The elBadry correction is a method for correcting errors in data on children ever born caused by the enumerator or respondent failing to record answers of ‘zero’ to questions on lifetime fertility and, instead, leaving the response blank. When this occurs, during data processing the response is coded as ‘missing’ or ‘unknown’, even though it was evident to the enumerator at the time of data collection that the correct answer was ‘zero’. The method apportions the number of women whose parity is recorded as ‘missing’ between those whose parity is regarded as being truly unknown, and those women who should have been recorded as childless but whose responses were left blank. It does this apportionment at an aggregate level and not on an individual basis.
The method requires the number of children ever born, classified by age group of mother, including the count of women with missing data (i.e., where the field was left blank or contained an outofrange code or a code for not answered or refused).
The method assumes that a constant proportion of women at each age truly did not state their lifetime fertility (i.e. parity) at the time of data collection. The balance of the women with unreported parities is assumed to be erroneously recorded as not stated when the women are, in fact, childless.
The method relies on the existence of a linear relationship between the proportions of women whose parity is not stated, and that of women reported to be childless. If such a linear relationship is observed, the adjusted denominator used to calculate average parities should exclude those women whose parity (after correction) is still regarded as unknown. This reflects the implicit assumption that these women’s parity distribution is no different from those of women of the same age whose parity is known.
Where the data indicate that a correction is needed because of the large proportion of missing parity information but the method cannot be applied (for example, due to unavailability of data by age, or violation of the assumption of linearity), women of unknown parity should be included in the denominator used to determine average parities. This implicitly assumes that the parity of all such women is zero (i.e. that all women of unknown parity are childless). This will, of course, result in underestimated average parities, as not all women of unknown parity are indeed childless.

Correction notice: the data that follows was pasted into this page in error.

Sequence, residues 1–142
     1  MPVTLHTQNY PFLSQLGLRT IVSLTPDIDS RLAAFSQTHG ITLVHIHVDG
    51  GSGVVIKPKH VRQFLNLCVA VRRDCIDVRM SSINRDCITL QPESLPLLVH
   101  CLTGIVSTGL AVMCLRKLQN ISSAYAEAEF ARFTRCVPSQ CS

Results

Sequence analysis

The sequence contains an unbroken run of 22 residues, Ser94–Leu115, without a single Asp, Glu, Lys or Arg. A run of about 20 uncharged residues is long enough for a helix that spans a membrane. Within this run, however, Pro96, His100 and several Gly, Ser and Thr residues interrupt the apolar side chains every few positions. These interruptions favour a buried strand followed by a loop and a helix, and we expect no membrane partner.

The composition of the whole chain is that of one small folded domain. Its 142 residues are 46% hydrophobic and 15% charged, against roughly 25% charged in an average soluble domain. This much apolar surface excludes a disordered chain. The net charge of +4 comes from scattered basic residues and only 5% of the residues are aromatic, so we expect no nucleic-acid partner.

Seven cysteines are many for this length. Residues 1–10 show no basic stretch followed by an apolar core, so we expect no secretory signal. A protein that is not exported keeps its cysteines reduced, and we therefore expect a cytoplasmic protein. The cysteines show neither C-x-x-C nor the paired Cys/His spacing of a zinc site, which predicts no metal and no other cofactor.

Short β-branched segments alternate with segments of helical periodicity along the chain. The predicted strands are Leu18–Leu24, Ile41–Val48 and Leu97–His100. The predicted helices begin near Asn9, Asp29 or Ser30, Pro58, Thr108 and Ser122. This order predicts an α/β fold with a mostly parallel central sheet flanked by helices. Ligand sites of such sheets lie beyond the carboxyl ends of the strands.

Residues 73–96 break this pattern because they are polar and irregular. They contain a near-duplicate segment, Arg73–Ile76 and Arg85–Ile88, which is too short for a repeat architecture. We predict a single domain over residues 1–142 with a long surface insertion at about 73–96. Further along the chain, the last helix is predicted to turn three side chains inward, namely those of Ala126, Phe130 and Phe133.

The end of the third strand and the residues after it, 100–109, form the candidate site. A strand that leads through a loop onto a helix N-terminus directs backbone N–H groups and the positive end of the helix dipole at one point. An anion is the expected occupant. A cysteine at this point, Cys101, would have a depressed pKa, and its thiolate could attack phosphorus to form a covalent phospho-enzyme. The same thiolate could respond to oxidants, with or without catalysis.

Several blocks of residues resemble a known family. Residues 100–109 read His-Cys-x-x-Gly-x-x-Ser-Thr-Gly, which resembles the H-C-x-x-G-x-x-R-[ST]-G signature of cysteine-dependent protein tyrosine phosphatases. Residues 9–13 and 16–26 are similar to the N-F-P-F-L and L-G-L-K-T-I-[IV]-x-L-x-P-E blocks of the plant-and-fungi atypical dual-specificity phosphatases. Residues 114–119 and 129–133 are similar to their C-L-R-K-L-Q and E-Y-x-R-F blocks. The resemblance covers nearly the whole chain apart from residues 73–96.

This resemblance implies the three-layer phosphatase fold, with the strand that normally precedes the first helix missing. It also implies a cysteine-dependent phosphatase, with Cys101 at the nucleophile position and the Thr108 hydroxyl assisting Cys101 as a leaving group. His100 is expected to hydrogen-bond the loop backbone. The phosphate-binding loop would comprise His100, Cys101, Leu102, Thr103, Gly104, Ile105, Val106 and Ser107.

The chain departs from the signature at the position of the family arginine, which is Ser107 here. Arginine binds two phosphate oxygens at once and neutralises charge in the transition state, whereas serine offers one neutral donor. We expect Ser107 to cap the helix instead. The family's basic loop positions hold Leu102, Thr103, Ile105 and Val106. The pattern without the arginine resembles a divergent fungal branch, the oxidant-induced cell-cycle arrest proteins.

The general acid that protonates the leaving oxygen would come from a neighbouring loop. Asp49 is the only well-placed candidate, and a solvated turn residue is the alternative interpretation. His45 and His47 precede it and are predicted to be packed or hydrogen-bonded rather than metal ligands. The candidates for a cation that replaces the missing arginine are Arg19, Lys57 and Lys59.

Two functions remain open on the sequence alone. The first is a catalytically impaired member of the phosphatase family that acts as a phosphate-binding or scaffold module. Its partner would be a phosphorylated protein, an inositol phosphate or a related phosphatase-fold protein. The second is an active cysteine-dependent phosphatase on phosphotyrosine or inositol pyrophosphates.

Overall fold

We define
for a = 15, 20, …, 45 and i=a/52, to be the number of women in age group i in the population. Thus, N_{1} represents the number of women aged 1519 in the population. Denote N_{i}_{,j} to be the number of women in age group i of parity j, and N_{i}_{,u} to be the number of women in age group i whose parity is unknown.
Extract a table of reported children ever born (j) by women’s age group (i) from the census data to obtain N_{i}_{,j}. Missing data on parity (i.e. blank fields and invalid codes) should be combined with codes for parity not stated for each age group to produce N_{i}_{,u}. The proportion of women in age group i with parity unknown is then
The proportion of women in age group i who are reportedly childless (i.e. are of parity zero) is given by
If the U_{i} are small (less than 2 per cent in each age group), it is not worth applying the correction. In such a situation, average parities should be determined by assuming that the parity distribution of women with not stated parity is the same as that of women whose parity is known, by omitting the women with unstated parities from the denominator of the calculation. Thus, if P_{i} is the average parity of women in age group i,
If the proportions of women with parity not stated exceed 2 per cent, it is worth assessing whether the correction can be applied.
For the method to work correctly, the series of points (Z_{i}, U_{i}) should lie on, or very close to, a straight line. In some cases, curvature may be observed in the data points corresponding to either the oldest or the youngest ages. If the curvature affects the older ages only, even if it is quite extreme, it is acceptable to exclude the oldest, or two oldest, age groups from the fitting process and fit a straight line to the remaining points since the method has the greatest absolute impact on the proportions not stated at the youngest ages. If the curvature is most noticeable among the younger women, the method should not be used as exclusion of the data points relating to women aged 1524 would result in the regression performing an outofsample extrapolation, the results of which could suggest illogical adjustments in these age groups.